I had the pleasure of seeing Mr. Takaharu Tezuka of Tezuka Architects give a lecture at UPenn recently. Tezuka is one of my favorite Japanese firms that has been producing amazing homes for about two decades and is getting into some interesting larger commercial commissions as they have grown in the past 5-10 years. If you’ve been around this blog for a while, you probably have seen some of their work in our inspirational posts. Tezuka’s lighting designs gave us confidence that the bare CFL’s in our homes would not only work, but look better than most traditional recessed lighting layouts.
You’ll notice in the picture of the Tezuka’s above that they are wearing blue and red. One of the interesting and quirky things about them is they always wear the same thing. Mr. Tezuka said he has about 100 of the same blue shirt that also comes in long sleeve versions. He wears blue every day, while his wife wears red, his daughter wears yellow and his son has claimed the color green. They are making me revisit my desire to simplify my life by going out and buying 20 of the same grey t-shirt.
On to the architecture. Below I wanted to quickly highlight the three projects that Tezuka spoke about in his lecture.
The Roof House
The first project is one of their most famous works titled “The Roof House.” The most interesting thing about this house was the overall approach to the design. The Tezuka’s visited the family’s current house when they were hired to design them a new home. The first thing the family showed them was a very small and quite steep tiled roof section that they could access through a small window. The entire family, including the small children would climb out on this roof almost daily to spend time together eating meals or just chatting.
This visit inspired the Tezuka’s to build a very modest house that was all about the roof. You can see below that the living quarters are very small and minimalist which is fairly standard in Japanese architecture. The big difference is the enormous roof that includes a mini kitchen, a fireplace and even a shower. The family can access the roof through a series of small ladders and skylights, mimicking the method of entry to their old roof through a small window.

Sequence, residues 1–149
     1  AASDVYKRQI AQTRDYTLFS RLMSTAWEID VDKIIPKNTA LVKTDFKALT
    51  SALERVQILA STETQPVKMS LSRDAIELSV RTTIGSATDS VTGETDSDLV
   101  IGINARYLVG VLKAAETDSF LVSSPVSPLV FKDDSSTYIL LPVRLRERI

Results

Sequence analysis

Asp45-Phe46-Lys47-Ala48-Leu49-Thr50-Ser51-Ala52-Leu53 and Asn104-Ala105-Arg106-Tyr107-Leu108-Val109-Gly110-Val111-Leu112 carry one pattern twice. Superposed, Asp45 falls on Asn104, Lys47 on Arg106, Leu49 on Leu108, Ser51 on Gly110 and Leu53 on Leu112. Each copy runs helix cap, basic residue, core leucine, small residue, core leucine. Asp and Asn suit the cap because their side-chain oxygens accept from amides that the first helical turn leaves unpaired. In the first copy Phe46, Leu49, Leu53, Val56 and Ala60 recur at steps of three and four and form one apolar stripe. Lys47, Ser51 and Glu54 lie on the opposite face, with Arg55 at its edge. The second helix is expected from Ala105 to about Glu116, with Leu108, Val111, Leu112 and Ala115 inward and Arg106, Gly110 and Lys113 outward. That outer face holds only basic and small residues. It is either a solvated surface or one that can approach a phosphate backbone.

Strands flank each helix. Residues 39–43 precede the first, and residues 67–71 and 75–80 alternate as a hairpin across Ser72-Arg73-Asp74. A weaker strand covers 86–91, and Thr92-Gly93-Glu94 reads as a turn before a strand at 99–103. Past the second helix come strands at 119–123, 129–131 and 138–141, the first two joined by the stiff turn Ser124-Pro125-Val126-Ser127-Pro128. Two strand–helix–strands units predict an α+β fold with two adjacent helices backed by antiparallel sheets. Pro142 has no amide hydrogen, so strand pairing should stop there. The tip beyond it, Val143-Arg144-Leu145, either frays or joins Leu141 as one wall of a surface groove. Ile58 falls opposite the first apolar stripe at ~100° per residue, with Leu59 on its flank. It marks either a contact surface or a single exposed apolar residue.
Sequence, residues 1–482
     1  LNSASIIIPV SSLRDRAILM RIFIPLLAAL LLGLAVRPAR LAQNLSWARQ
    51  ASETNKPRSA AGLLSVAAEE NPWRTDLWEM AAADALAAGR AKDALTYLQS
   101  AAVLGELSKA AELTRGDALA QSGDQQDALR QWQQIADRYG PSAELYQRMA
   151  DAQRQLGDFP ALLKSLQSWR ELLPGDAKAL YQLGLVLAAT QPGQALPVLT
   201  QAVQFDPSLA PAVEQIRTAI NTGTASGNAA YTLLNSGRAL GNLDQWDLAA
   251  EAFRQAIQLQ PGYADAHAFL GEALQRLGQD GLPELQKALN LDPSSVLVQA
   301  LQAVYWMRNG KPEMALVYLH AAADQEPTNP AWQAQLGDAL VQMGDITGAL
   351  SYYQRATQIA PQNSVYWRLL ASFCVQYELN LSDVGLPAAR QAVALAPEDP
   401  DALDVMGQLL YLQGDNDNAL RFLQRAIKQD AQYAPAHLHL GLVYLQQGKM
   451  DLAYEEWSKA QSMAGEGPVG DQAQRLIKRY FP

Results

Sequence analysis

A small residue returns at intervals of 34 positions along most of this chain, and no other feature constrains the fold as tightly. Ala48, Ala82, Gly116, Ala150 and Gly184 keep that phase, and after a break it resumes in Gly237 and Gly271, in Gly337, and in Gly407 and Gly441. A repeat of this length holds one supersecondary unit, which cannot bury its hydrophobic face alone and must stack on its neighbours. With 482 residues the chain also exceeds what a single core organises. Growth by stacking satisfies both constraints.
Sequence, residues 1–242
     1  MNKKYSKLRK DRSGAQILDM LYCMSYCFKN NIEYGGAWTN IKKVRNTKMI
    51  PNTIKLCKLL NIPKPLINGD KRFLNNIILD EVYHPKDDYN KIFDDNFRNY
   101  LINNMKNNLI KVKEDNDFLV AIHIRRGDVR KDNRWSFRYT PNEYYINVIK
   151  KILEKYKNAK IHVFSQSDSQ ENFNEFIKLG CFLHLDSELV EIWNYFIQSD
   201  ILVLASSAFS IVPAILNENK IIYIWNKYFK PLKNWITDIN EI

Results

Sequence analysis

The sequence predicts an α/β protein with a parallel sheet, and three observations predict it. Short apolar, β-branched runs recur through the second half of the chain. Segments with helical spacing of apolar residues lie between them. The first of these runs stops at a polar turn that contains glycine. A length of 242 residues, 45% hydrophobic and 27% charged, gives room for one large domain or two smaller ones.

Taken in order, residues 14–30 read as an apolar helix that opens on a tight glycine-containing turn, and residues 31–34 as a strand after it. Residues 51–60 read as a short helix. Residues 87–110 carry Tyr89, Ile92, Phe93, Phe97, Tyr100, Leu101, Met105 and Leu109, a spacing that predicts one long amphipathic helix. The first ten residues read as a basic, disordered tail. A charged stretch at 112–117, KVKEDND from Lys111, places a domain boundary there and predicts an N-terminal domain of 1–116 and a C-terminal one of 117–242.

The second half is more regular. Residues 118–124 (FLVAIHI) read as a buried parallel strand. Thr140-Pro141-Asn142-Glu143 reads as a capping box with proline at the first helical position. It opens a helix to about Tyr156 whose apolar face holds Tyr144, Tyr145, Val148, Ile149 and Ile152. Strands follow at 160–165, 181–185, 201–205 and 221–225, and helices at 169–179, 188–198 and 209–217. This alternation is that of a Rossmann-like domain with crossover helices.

This house reminded me a bit of how many of us live in tight quarters in Philly and other dense cities in the US. We often have a very modest flat or rowhome with a tiny outdoor yard, balcony or roof deck that can capture the majority of our free time when the weather’s nice. It’s interesting to see this concept taken to the extreme in The Roof House.
I think this Fuji Kindergarten was my favorite of the three works Tezuka presented and one I had not seen before. There were a hodgepodge of buildings on this site that made up a kindergarten with a somewhat secluded and gloomy playground area. With Tezuka’s new design everything about the site and those that interacted with it transformed. The way the children learned and played was transformed and vastly improved. The public is also attracted and invited onto the round deck on a daily basis to enjoy a site that they would’ve probably passed by without noticing in the past. To me, this building project represents a lot of the reasons we got into development. We don’t just want to develop buildings that look cool and lower utility bills. We want to transform the way people live, work and socialize. We’re working on the first of those three now and hope to get to the others sooner than later.
This building is basically a giant doughnut. What’s unique about the interior space is that there are no dividing walls whatsoever between the classes. There is movable furniture and organizers that can be re-arranged to alter the classrooms as needed. The children are not distracted by what’s going on in the center of the building or the noise from there fellow classmates in the next section over. They learn to work in a typical environment at a young age. Another positive impact that the new building has had on the way the children learn is the flexibility of the classes. If a child is getting bored, behind or ahead in one class, they are free to move on to another class in the building. This keeps things interesting for the children, keeps them learning and ensures nobody is falling into a rut in their learning and social development.
Woods of Net
The Woods of Net pavilion replaced an old pavilion that held this unique piece of artwork. Daily attendance rose from 20 people per day to over 4,000. ‘Nuff said.
Tezuka has many other projects listed on their site. It’s very much worth a couple of minutes searching through for inspiration. Let us know your thoughts in the comments.
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